The future is filled with unknowns: How will the IoT (Internet of Things) change industries? How will the workforce adapt to more tasks being automated? How will urbanization affect smart cities? How will AVs (autonomous vehicles) impact road safety? The GHSA (Governors Highway Safety Assn.) is tackling this last question through a multi-pronged effort that includes published research, forming an expert panel, and developing a whitepaper and presentation to educate and inform traffic safety stakeholders.
Automated driving systems hold a lot of promise for the future of transportation. For those who can’t drive, AVs and automated driving systems could offer mobility. AVs and automated driving systems may also improve road safety by taking human error out of the equation. However, this relatively new technology raises many questions about how states and law enforcement will handle certain traffic safety situations. For instance, how will the law (and insurance companies) determine fault in accidents that involve automated or autonomous driving systems?
The GHSA says as the definitions of “driver” and “machine” blur, states mustn’t overlook the implications for motorists and law enforcement officers. In conjunction with State Farm, the association released a research report focused on bringing these implications to light. The Preparing for Automated Vehicles: Traffic Safety Issues for States report encourages states to encourage responsible testing and deployment of automated driving systems to help protect the public. The report also outlines suggested traffic laws that accommodate testing and deployment of these systems.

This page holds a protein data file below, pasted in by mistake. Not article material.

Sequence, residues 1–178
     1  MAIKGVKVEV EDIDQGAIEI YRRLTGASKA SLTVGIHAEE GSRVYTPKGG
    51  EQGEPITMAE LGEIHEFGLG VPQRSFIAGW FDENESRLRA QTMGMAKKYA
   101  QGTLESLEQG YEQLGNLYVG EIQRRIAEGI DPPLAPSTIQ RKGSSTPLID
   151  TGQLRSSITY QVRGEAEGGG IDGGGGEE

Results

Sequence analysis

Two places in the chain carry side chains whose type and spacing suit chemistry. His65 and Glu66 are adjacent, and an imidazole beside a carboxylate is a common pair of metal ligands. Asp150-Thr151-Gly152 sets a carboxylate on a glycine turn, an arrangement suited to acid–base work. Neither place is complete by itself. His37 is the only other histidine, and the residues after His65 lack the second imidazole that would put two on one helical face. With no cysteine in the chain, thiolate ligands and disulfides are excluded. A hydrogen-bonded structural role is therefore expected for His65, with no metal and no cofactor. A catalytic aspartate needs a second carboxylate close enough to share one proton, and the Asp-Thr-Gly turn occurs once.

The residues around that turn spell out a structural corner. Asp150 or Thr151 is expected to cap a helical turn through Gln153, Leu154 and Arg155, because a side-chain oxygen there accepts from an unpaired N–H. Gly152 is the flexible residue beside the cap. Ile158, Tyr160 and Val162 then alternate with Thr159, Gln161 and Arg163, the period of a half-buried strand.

Law enforcement issues to consider include officers’ ability to identify AVs and vehicles using automated driving systems, especially during the years to come, when vehicles with varied levels of automation will be sharing the road. Another issue may be how crash-response procedures will change when AVs rule the road. The use of system data from autonomous vehicles and automated driving systems also needs to be considered. Should law enforcement have access to this data? How about crash investigators? Insurance companies?
The most current step in the GHSA’s effort is set to take place this week. On May 8, the association is set to convene a panel of experts in Arlington, Va., to consider issues related to AVs and automated driving systems and provide recommendations for state highway safety agencies, law enforcement, and other safety advocates. Experts will hail from the GHSA itself, as well the federal government, the automotive and technology industries, criminal justice organizations, and national safety groups.
Big change is coming to U.S. roadways as vehicles become more automated and AV testing, development, and deployment ramp up. Consumer buy-in will be important, and current attitudes toward automated driving systems and driverless technologies are mixed. In the future, these systems may prompt a paradigm shift in transportation toward shared mobility.
Consumers aren’t the only ones who will need to adapt. Law enforcement officers, alongside judges and others responsible for enforcing traffic laws or determining liability in road accidents, will need to adjust as well. The GHSA’s efforts to prepare these folks and all other stakeholders, including the public, are much needed.
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